• Due to this filtering quality, Heiken Ashi is the best chart to use to identify a strong-trending market with very few ‘whipsaws.’ 

If the price rises, the bar will remain green; if the price is falling, the bar will keep showing red. In many cases, the regular candlestick chart will alternate between the two and often present a range of confusing, insignificant structures. 

On the other hand, you will get longer stretches of green and red bars with Heiken Ashi, helping traders to stay longer in trends and exit at a much later stage.


  • The main disadvantage with Heiken Ashi is it leaves out essential, nuanced information about price (but not as much as Renko bars).
  • Something else to keep in mind is Heiken Ashi is not available on any of the MetaTrader platforms natively (although various indicators have been created for this chart).

What is a Renko chart?

A Renko chart takes noise-filtering even further as it only considers directional movement instead of time, unlike the former two that factor in both elements. Experts believe ‘Renko’ comes from the Japanese word ‘renga,’ translating to ‘bricks.’

These bricks are always positioned at a 45-degree angle of the same size. Interestingly, there is no time interval in the formation of a new block. 

Therefore, depending on market behavior, one block can take a few hours to form while another may form after a day. It’s this quality that heavily decreases the signal-to-noise ratio. 

A Renko chart can squeeze in months of data in just a series of blocks. Note the differences between Renko and candlesticks. Renko presents about eight years of price information in the image below, while the latter only shows roughly 20 months of the same pair when viewed side by side.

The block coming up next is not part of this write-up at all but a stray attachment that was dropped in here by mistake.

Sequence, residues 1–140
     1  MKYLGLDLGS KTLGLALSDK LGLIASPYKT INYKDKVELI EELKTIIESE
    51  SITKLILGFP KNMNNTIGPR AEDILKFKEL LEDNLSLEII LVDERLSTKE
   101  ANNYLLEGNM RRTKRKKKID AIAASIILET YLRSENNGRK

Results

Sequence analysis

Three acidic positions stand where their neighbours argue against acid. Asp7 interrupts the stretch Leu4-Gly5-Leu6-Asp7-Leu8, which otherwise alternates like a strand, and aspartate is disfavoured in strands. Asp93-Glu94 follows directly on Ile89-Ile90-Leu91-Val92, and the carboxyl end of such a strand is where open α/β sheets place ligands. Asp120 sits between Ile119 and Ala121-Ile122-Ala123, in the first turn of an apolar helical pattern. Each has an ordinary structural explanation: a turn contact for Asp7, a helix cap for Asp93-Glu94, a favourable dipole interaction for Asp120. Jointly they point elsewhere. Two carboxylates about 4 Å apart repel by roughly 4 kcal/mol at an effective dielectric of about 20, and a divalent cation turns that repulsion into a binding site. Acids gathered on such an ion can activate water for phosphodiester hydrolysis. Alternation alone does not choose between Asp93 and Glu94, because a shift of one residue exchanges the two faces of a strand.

Comparisons between Renko and candlestick charts

They filter out noise even more than Heiken Ashi, showing you the ‘barebones’ of price action and the key support and resistance. Moreover, a color change with the blocks is more significant when identifying trends.

However, Renko is too simplistic and less nuanced, leaving out many nitty gritties that skilled analysts like to observe. Also, like the Heiken Ashi, this chart type is not available natively on the MetaTrader platforms.

Curtain thoughts: which is the best chart to use in forex?

Overall, most forex traders still prefer to use Japanese candlesticks for numerous reasons. These are beginner-friendly, visually aesthetic, more accessible in software availability, and detailed. Furthermore, you can see intricate patterns providing subtle information about where a market is likely to go next.

Generally, it’s common for many to use candlesticks as their primary chart and perhaps switch to Heiken Ashi and Renko for secondary analysis once in a live position. 

These can offer them information on trend progression and clues on how long they should remain in a trend because they are more streamlined than candlesticks. These charts are best used when you are more experienced with charting, particularly for swing or long-term trading.

Therefore, although candlesticks are the most universally used chart, traders are not limited to sticking to just this alone and can switch between a range of these where necessary.